Corporate earnings forecasts for the second quarter were lowered so much that companies are easily beating them.Market Insiderread more
The central bank is not normally in the business of easing into an economy that is showing few signs of a recession, generally holding fire until more pronounced signs of a...The Fedread more
The report is a chance for Netflix to prove how it plans to compete against legacy media companies that are now expanding into streaming.Technologyread more
IBM is expected to report declining revenue for the fourth quarter in a row on Wednesday.Technologyread more
Challenging conditions in the U.S. housing market, along with tighter currency controls by the Chinese government, cause a stunning drop in foreign demand for American homes.Real Estateread more
His case for gold comes as central banks get more aggressive with policies that devalue currencies and are about to cause a "paradigm shift" in investing.Marketsread more
House Speaker Nancy Pelosi says she wants her chamber to vote on a debt ceiling and budget deal by July 26.Politicsread more
Philips has acquired a start-up that texts you about your poop. That's Medumo, a Boston-based company, which works with hospitals to guide their patients through common...Technologyread more
The "'Cadillac tax," set to go into effect in 2022, is unpopular with both Republicans and Democrats, who say it punishes the middle class.Health and Scienceread more
The declaration comes days after a case of the virus was confirmed in the Congolese city Goma, which borders neighboring country Rwanda.Health and Scienceread more
Federal Judge William Pauley wrote in a court filing made public Wednesday that materials related to a campaign finance probe of Cohen should be unsealed — and denied a...Politicsread more
The current global market sell-off was driven by computers and not traders' fears over market indicators, a strategist told CNBC on Tuesday.
More and more market transactions are made through algorithm trading — also known as algo trading, it uses advanced mathematical models to make high-speed trading decisions. Therefore, the equity sell-off seen since Friday was greatly driven by technical mechanisms, Salman Ahmed, chief investment strategist at Lombard Odier, said.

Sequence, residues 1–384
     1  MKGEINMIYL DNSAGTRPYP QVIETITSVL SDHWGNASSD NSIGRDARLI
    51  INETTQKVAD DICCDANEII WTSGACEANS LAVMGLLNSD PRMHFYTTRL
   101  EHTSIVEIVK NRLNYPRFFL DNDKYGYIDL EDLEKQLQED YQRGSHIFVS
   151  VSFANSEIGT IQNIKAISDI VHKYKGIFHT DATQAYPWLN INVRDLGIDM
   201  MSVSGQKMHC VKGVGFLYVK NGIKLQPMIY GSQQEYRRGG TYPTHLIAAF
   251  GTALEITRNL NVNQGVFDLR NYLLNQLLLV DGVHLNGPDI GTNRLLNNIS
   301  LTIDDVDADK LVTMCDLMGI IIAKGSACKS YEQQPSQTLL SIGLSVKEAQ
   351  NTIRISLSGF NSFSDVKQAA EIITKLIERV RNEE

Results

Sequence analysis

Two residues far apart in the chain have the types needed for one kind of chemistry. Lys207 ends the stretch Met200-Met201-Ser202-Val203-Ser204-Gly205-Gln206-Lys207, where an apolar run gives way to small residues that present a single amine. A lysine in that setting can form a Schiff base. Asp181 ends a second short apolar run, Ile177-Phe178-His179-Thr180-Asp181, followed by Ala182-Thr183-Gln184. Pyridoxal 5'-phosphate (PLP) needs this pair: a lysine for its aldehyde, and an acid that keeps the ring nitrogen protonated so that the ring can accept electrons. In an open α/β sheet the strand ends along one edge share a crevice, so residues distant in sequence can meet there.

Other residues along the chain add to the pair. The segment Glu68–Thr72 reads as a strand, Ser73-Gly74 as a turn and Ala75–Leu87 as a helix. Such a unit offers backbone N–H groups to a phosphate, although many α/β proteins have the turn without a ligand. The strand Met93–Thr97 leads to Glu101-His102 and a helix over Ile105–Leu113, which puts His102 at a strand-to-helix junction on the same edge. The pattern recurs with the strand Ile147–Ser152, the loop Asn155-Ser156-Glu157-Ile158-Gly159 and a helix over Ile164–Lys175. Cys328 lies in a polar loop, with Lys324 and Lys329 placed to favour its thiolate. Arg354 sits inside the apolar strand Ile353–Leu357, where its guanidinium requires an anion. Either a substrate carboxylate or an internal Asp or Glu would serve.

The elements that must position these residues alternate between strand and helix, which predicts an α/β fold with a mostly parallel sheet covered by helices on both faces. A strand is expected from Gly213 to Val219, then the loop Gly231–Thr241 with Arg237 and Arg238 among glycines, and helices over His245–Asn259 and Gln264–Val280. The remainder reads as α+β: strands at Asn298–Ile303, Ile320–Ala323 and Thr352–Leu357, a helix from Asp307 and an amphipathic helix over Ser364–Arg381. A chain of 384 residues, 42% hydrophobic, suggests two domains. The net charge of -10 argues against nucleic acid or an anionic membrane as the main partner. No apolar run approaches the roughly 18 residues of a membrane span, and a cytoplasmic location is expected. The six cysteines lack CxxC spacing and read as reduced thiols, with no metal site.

"The rise of algorithm-based trading means that there are in these algorithms some levels which trigger sell-off, i.e. sell orders," Ahmed said.
"Yes, I can argue that we needed some kind of correction, given what has happened over the last few months. But the ferociousness of the intra-day sell-off is driven by these pre-set sell orders, which come programmed in these algorithms automatically."
Since Friday, global stock markets have seen a sea of red — something that traders hadn't seen over the last year — with equity markets hitting several new-highs during that period. Most analysts believe the sell-off seen over the last three trading sessions is therefore a "healthy" correction.
"We have to consider one thing, this correction is in the general scheme of things a healthy development. I would have been way more worried if such a correction wouldn't have happened, given what we've seen over the last few months," Ahmed said.
Eric Moore, income fund manager at Miton Group, told CNBC on Tuesday that there was no reason to panic, at least for now.
"Nothing that has happened over the last 48 hours has made me think that the dividend characteristics of my portfolio are worse than I thought before," he said.
Ahmed pointed out that although there was no indication of an economic recession in the near-term, investors needed to be careful about how they absorbed risk.
"The global environment and the indicators we are looking at indicate no probability of a recession in the next six to nine months, so things will stabilize. But, yes, we have to be very careful about how we are taking risk and what is an asset class and what's not an asset class," he said.